Established in 1936, Chasen's was one of the most exclusive restaurants in Los Angeles, known for its celebrated film industry clientele and its chili. The chili was so famous that Elizabeth Taylor had it flown from Los Angeles to the set in Rome when she was filming Cleopatra.
Chasen's also served dignitaries and international royalty, as well as a succession of U.S. presidents. In 1995, after 60 years of service, Chasen's Restaurant closed its doors. During its final weeks of operation, regular customers (actors and producers), staff, and management were interviewed about Chasen's and its history.
Variety described the documentary as an entertaining history of "the glorious and sad death throes of one of the last vestiges of Hollywood's golden age." It observed that the film "is inadequately structured to fully realize its potential, but still serves up some delicious goodies that will be relished by showbiz connoisseurs." While acknowledging the number of Hollywood celebrities interviewed, Variety wrote "... the real stars of the docu are Chasen's longtime staff members, most of whom worked there for decades." It also noted that "Berman and Pulcini have taken full advantage of their privileged access and have not been shy with their camera, as it prowls around the jammed restaurant ever in search of anecdotes".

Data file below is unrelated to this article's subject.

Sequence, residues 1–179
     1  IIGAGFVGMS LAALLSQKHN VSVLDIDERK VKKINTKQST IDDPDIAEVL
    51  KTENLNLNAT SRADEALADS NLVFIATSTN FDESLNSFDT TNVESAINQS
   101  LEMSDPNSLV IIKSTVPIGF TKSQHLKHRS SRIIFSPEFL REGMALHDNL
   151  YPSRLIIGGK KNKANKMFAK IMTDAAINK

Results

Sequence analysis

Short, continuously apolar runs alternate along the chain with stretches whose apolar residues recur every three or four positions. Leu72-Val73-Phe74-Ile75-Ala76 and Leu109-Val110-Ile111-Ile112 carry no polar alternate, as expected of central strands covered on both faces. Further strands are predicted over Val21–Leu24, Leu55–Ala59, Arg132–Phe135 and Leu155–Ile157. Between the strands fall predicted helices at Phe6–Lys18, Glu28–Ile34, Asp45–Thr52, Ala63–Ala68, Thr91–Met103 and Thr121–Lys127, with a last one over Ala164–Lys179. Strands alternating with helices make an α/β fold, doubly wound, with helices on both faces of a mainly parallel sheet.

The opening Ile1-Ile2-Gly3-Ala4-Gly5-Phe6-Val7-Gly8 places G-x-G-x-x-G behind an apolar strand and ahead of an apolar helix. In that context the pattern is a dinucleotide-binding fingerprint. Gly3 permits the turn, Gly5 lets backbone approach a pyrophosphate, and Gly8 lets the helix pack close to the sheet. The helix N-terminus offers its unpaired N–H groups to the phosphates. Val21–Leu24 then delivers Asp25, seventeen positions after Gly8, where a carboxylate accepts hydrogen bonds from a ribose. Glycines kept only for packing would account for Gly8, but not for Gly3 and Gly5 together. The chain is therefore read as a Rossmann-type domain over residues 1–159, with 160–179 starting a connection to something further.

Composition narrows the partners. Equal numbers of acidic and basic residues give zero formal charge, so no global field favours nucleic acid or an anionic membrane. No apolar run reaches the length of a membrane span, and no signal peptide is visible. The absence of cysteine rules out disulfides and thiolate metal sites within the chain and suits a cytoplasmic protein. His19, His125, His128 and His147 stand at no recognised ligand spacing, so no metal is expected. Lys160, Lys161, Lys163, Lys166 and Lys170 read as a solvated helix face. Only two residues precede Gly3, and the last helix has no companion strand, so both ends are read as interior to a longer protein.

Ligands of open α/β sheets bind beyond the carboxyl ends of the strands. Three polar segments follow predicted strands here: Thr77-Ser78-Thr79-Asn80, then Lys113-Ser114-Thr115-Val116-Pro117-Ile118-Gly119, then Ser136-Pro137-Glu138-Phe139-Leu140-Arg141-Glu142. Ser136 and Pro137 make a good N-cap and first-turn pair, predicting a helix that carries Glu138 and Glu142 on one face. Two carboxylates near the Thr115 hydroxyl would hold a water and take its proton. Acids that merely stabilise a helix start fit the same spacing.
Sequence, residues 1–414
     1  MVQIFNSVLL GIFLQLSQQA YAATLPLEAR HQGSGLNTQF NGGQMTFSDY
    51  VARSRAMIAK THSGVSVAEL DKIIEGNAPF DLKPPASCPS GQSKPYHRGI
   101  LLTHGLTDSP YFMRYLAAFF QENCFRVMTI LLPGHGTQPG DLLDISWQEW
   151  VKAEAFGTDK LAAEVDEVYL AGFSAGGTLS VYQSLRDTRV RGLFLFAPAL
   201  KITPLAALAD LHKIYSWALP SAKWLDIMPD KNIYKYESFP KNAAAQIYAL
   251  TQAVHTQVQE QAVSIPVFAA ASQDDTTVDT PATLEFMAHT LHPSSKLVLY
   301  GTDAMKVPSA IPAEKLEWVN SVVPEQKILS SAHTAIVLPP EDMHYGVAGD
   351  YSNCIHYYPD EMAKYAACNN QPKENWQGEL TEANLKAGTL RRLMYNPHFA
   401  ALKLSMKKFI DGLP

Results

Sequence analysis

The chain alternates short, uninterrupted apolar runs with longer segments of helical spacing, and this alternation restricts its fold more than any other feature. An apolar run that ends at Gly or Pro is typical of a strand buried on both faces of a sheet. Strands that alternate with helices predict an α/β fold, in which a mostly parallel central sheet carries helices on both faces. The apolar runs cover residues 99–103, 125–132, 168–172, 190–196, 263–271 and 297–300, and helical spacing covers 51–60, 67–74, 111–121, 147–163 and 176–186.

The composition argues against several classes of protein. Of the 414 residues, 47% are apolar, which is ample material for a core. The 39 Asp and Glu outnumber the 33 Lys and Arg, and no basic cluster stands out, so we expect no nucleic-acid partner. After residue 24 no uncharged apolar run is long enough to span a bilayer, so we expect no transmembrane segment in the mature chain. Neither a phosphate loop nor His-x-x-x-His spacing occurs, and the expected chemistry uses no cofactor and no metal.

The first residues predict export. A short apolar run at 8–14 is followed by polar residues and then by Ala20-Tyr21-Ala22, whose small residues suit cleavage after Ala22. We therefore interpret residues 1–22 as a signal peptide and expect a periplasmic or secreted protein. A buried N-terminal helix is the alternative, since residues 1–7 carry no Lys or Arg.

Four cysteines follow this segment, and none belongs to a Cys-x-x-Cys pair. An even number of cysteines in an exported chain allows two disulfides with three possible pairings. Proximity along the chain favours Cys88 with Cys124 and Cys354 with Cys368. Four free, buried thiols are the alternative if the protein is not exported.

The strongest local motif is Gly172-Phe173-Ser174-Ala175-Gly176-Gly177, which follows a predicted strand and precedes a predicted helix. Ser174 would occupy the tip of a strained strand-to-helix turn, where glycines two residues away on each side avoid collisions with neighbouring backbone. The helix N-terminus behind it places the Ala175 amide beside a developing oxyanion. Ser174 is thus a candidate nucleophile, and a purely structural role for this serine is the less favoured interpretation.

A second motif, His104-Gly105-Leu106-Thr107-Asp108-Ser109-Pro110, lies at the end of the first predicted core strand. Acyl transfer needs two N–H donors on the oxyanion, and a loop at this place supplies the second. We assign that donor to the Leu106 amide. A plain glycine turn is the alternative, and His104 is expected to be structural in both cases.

The New York Times praised the directors, writing that "their valuable, poignant and often funny film mingles behind-the-scenes views of the restaurant during its final week and interviews with, and reminiscences by, the dedicated core of its staff, as well as with the many luminaries who rushed back for a final visit." The review summarized the film as "generous in its appreciation of the staff that helped to make Chasen's so popular," and concluded that "Off the Menu is a poignant farewell."
Of the March 2004 DVD release, DVD Talk wrote that the film was "an engrossing though flawed documentary about the famous Beverly Hills eatery." In its analysis it observed that, "on the surface, the film appears little more than a wistful celebration, an elegiac tribute to what, in only a few more years, will be a completely extinct period of Hollywood history." It concluded that, "though it fails to live up to its potential, [the film] is a fun and sometimes insightful slice of Hollywood history, and a mediation on the nature of celebrity."
DVD Verdict makes note of the many celebrity interviews, but observe that "Most of the documentary is devoted to footage of and interviews with the Chasen's staff, many of whom worked there for decades and whose loyalty and devotion to the restaurant border on the fanatic," and offers that the film examines "the underlying theme of the cult of celebrity and the eagerness of people to debase themselves for the privilege of basking in reflected glamour." Noting further that the film "isn't so much a probing examination of Chasen's, as it is an affectionate, bittersweet farewell to an era and a culture that has long passed."
Patrons of Chasen's who were interviewed included:1997, won 'Best Documentary Feature' at the Hamptons International Film Festival
1998, won 'Special Jury Award' in the documentary competition at the Newport International Film Festival